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What receptacles are you using to power your shop?

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Forum topic by CTWith3 posted 11-18-2015 03:42 AM 1677 views 0 times favorited 49 replies Add to Favorites Watch
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CTWith3

21 posts in 392 days


11-18-2015 03:42 AM

What receptacles are you using in your shop?

I am looking at Leviton’s commercial grade 20 A duplex outlets in gray because I plan n painting my garage grey and white.

I have 4 single gang boxes for my single duplex receptacles and 1 GFCI receptacle, and have 2 two gang boxes with 2 duplex receptacles at my bench, and am looking into one of hose hand dandy receptacles with USB receptacles to charge my cell phone or iPad or i whatever.

I also have two 220V receptacles so I can work with my table saw in different areas of my garage/shop.

As time goes on I will update to only GFCI receptacles. I wad considering a GFCI breaker but the GFCI really needs to be at or near the source of the problem.

AFCI receptacles could end up becoming a standard in new houses in the near future, we shall see.


49 replies so far

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conifur

955 posts in 615 days


#1 posted 11-18-2015 06:33 AM

I believe IMHO over kill. If any thing I would go with the arc fault b4 GFIs unless you are standing in water.

-- Knowledge and experience equals Wisdom, Michael Frankowski

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oldnovice

5729 posts in 2831 days


#2 posted 11-18-2015 06:42 AM

I have a 30A receptacle that has a GFCI breaker in the main breaker panel and a disconnect panel in my shop.
I didn’t want a GFCI but code here requires GFCI in any outlet not in the house and all kitchen/bathroom outlets!
He told that my house, built in 1964, needs some updating on the other outdoor outlets, tough to do as all the wiring is two wire without ground!

Originally I had a 40A GFCI but the inspector said it was over rated load and I had to go back to the 30A!
So now I have a 40A GFCI that cost me plenty with no place to use it … if you want/need it’s available for $50, about 1/2 price.

-- "I never met a board I didn't like!"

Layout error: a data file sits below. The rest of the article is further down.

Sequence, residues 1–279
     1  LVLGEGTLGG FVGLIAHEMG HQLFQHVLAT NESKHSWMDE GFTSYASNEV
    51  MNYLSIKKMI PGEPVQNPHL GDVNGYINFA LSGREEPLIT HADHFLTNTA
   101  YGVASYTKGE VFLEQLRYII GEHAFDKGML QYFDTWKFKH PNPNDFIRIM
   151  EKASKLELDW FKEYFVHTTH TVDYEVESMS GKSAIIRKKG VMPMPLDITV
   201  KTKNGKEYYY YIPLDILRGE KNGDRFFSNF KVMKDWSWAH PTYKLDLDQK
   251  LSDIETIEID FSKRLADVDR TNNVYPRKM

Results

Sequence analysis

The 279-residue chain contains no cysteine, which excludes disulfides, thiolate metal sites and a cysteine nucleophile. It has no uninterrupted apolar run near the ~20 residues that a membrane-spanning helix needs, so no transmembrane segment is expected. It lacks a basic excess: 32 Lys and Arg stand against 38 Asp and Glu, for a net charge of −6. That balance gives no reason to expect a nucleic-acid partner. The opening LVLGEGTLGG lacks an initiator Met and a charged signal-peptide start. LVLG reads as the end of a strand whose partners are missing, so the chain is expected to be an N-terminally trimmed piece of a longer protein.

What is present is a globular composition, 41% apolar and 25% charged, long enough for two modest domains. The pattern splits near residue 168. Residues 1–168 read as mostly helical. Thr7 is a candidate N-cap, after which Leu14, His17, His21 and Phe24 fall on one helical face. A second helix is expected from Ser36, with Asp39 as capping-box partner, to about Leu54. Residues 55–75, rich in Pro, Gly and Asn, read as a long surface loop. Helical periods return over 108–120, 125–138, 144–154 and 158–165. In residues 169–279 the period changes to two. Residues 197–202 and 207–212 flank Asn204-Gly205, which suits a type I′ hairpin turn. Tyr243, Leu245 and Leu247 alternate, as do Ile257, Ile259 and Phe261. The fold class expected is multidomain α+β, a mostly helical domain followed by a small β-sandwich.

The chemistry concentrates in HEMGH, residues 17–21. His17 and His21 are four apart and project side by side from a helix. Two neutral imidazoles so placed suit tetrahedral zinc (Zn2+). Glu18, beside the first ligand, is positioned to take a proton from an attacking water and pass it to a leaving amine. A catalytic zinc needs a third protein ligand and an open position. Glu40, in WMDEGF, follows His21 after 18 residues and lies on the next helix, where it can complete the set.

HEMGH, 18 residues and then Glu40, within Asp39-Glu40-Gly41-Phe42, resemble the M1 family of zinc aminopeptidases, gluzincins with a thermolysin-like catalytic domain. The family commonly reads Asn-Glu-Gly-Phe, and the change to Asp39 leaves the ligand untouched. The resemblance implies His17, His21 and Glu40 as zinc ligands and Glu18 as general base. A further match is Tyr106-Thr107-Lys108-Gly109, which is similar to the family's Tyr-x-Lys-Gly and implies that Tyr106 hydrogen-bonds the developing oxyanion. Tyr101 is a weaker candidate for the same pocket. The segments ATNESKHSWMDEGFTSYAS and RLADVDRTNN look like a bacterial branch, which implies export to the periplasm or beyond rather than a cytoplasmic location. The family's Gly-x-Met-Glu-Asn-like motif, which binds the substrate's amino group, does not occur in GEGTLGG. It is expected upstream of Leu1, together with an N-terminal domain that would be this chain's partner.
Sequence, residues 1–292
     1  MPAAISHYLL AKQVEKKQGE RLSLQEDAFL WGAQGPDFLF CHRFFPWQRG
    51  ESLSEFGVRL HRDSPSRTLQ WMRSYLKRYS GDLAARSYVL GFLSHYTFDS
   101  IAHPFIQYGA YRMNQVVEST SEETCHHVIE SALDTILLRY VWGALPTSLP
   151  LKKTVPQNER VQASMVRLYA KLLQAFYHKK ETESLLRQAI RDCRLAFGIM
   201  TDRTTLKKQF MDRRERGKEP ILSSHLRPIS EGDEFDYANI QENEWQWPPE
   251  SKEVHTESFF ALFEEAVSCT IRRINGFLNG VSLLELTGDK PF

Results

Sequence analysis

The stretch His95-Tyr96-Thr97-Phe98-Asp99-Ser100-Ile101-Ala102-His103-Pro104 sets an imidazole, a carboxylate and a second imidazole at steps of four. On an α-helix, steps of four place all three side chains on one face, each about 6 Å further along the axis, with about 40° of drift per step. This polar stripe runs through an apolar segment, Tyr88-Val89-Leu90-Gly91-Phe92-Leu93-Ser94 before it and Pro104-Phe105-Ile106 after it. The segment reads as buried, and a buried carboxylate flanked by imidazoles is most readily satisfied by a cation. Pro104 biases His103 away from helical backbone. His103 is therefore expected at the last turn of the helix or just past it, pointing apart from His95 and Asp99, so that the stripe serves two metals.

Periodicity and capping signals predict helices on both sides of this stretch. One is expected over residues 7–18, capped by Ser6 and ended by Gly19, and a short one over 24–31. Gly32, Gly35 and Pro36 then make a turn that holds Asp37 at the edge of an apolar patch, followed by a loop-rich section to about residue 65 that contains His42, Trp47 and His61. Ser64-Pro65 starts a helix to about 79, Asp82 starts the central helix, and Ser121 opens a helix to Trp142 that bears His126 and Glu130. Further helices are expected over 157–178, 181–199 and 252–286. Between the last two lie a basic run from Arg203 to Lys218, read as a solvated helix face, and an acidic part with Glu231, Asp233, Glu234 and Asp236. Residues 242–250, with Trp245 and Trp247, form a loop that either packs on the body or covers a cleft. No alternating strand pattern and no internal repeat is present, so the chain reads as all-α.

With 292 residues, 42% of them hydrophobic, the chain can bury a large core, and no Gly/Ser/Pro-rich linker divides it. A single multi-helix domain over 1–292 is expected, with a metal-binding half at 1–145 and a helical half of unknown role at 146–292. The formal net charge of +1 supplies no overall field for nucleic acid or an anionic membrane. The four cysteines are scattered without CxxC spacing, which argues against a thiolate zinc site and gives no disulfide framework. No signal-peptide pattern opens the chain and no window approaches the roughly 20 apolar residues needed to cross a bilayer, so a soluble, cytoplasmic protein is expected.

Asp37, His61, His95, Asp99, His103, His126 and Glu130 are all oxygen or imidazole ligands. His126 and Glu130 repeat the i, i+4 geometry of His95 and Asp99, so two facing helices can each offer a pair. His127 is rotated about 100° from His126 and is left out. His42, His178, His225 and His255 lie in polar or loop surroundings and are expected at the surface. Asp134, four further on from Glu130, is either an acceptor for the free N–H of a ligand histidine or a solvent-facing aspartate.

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Tennessee

2410 posts in 1977 days


#3 posted 11-18-2015 12:59 PM

I have standard 20 amp duplex outlets around the shop. No double gang boxes, but I do use UL approved power strips overhead plugged into the 20 amp outlets and the same style power strips on my benches, all with 15 amp breakers built into them. It is a rare day when I pop one of those strip breakers, but nice to know they are there.
No GFCI.

My major tools, like my table saw is on a dedicated 120VAC outlet. Same with my jointer but that stays unplugged most of the time due to space. The 220VAC stuff, planer, air compressor, large bandsaw get dedicated 220VAC outlets. I don’t have enough 220VAC, so I can only plug in two at a time. But as a one person shop, I never run more than say, a bandsaw and a vacuum at the same time, plus lights, (on their own circuit), and a radio. Actually, I need to run another 220VAC circuit since I do have room in my panel so I can stop plugging in stuff when I need it.
I never blow breakers or heat up plugs save sometimes my planer pops its own internal overload if I try to take off too much wood at once. I also have all my outlets either on the wall or on the ceiling. I have low ceilings in my shop allowing me to reach up and plug in say, a ROS. I would rather have the cord going up or away than heading down. Much easier. No up-facing plugs since they gather up wood dust and can short out. Also not a fan of those shops where plugs are on the fronts of benches at waist level. I tend to knock out what is plugged in, which I think is a slight safety issue.

-- Paul, Tennessee, http://www.tsunamiguitars.com

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clin

513 posts in 459 days


#4 posted 11-18-2015 03:39 PM

I use common 20 A outlets with 1 GFI upstream on each of the circuits. A GFI on every outlet seems unnecessary to me.

As far as where and how many. On a new wall I built to carve out my shop space from the rest of the garage, I have a row of outlets above workbench height and another row down low. I also have one dedicated 240 V and another 2 gang dedicated 120 V. Probably convert that dedicate 120 V to a 220 V someday to run dust collection.

Already have outlet in ceiling for garage door opener and also use that for room air filter. Added few more outlets to exiting wall with intent to add power strips wherever I feel the need (shop is still in process).

-- Clin

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Jimbo4

1432 posts in 2226 days


#5 posted 11-18-2015 04:36 PM

What ever you get, do not – repeat – do not buy those things that are marked “contractor grade” – pure junk!

-- BOVILEXIA: The urge to moo at cows from a moving vehicle.

View EEngineer's profile

EEngineer

1061 posts in 3076 days


#6 posted 11-18-2015 04:49 PM

Small 1 1/2 car garage shop.